PAKISTAN has successfully sold a fresh debt of $2.5bn to international investors in what analysts had been describing as a significant investor-sentiment test, days after the IMF announced the resumption of its lending to the country under its $6bn programme.

The 39-month loan signed in July 2019 was suspended almost a year ago. The Eurobond plan had been on the cards for the last one year but was postponed because of the Covid-19 crisis and the suspension of the IMF programme over differences between the government and the Fund on electricity prices, the central bank’s autonomy and other issues. It is for the first time that Pakistan has raised funds through global markets after issuing $2.5bn of securities in 2017.

The money will be used to shore up the country’s meagre forex reserves and repay the maturing loans of $2bn in October this year and December 2022. The government’s decision to issue the new Eurobond debt has had a positive impact on the exchange rate, with the rupee having appreciated by more than 4pc against the dollar during the last three months. According to a report, Pakistan’s total global capital market debt stock, including the fresh debt, stands at $7.8bn.

Read: When it comes to the economy, the govt has reacted to circumstances instead of pursuing clear objectives

That the three-tranche note was oversubscribed in spite of the country’s poor international credit rating underlines the appetite of investors and fund managers for a reasonably priced sovereign debt. While some may argue that there could have been a better deal had the government launched the dollar bonds earlier, the sale of the five-, 10- and 30-year notes at a yield either lower than or close to the upper end of the indicative prices shows it is not that bad after all. Besides, the benchmark US treasury yields have also been moving upwards and the third wave of the pandemic has accentuated risks all around. The sudden replacement of the veteran finance minister by a younger, inexperienced politician just a day before the issue did not affect investor sentiment or yields. The $500m 30-year bond yield at 8.875pc against an indicative price of 8.875-9pc may appear a bit ‘expensive’ but the uncertainties associated with longer-term debts always fetch higher yields. The $1bn five-year note yields 6pc and the $1bn 10-year note 7.375pc against the indicative yields of 6.25pc and 7.5pc.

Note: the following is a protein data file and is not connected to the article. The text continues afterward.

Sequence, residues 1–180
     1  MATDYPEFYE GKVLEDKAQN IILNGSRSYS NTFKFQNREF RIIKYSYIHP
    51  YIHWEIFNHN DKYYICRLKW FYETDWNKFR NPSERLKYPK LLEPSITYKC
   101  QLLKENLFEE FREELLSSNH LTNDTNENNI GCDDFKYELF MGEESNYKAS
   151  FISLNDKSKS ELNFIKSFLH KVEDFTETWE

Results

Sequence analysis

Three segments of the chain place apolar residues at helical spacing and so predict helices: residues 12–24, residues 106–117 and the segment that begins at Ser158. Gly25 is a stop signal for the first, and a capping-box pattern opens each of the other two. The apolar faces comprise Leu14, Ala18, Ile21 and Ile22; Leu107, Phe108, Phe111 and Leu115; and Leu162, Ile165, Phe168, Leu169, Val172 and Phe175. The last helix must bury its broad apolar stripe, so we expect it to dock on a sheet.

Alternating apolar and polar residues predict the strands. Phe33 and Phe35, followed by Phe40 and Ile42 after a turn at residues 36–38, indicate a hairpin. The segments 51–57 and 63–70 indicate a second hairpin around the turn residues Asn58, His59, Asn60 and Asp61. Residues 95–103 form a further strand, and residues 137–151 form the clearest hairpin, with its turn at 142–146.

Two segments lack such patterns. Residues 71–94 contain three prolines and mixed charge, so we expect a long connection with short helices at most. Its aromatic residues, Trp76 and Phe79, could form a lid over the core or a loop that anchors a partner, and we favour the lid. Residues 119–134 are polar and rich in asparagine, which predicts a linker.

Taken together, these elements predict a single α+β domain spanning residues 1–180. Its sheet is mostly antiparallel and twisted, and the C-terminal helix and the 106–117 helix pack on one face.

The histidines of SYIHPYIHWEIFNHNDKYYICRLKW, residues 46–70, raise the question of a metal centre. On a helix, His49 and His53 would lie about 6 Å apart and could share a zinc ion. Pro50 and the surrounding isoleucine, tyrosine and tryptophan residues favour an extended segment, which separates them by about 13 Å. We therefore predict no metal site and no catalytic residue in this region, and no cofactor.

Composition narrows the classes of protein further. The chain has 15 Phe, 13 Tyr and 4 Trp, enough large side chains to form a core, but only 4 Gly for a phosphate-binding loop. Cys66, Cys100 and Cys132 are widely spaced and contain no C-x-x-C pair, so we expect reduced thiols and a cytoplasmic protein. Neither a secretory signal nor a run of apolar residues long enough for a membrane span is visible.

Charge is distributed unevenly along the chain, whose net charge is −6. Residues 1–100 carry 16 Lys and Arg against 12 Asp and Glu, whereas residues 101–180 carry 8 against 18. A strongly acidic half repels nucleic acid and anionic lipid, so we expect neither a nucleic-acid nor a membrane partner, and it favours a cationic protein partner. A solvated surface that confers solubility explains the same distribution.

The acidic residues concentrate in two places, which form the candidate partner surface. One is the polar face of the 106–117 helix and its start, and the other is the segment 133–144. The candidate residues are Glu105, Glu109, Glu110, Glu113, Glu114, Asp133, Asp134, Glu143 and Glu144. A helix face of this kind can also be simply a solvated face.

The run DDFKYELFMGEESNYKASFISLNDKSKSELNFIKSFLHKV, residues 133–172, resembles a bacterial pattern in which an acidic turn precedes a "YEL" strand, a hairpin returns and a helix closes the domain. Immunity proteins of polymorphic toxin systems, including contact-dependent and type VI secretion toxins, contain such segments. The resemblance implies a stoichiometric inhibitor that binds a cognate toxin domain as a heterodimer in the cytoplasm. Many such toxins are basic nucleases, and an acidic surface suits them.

Indeed, the longer-term, market-based debt is a much better option for Pakistan than shorter-term commercial borrowings for balance-of-payments stability and certainty. However, it has to be returned one day. For years, we have been borrowing left, right and centre to repay past loans and pay import bills. This is unsustainable. The semblance of external account stability achieved in recent months should now be used to boost investments in manufacturing in order to produce surpluses for exports for a resolution of our debt and external account troubles.

Published in Dawn, April 2nd, 2021

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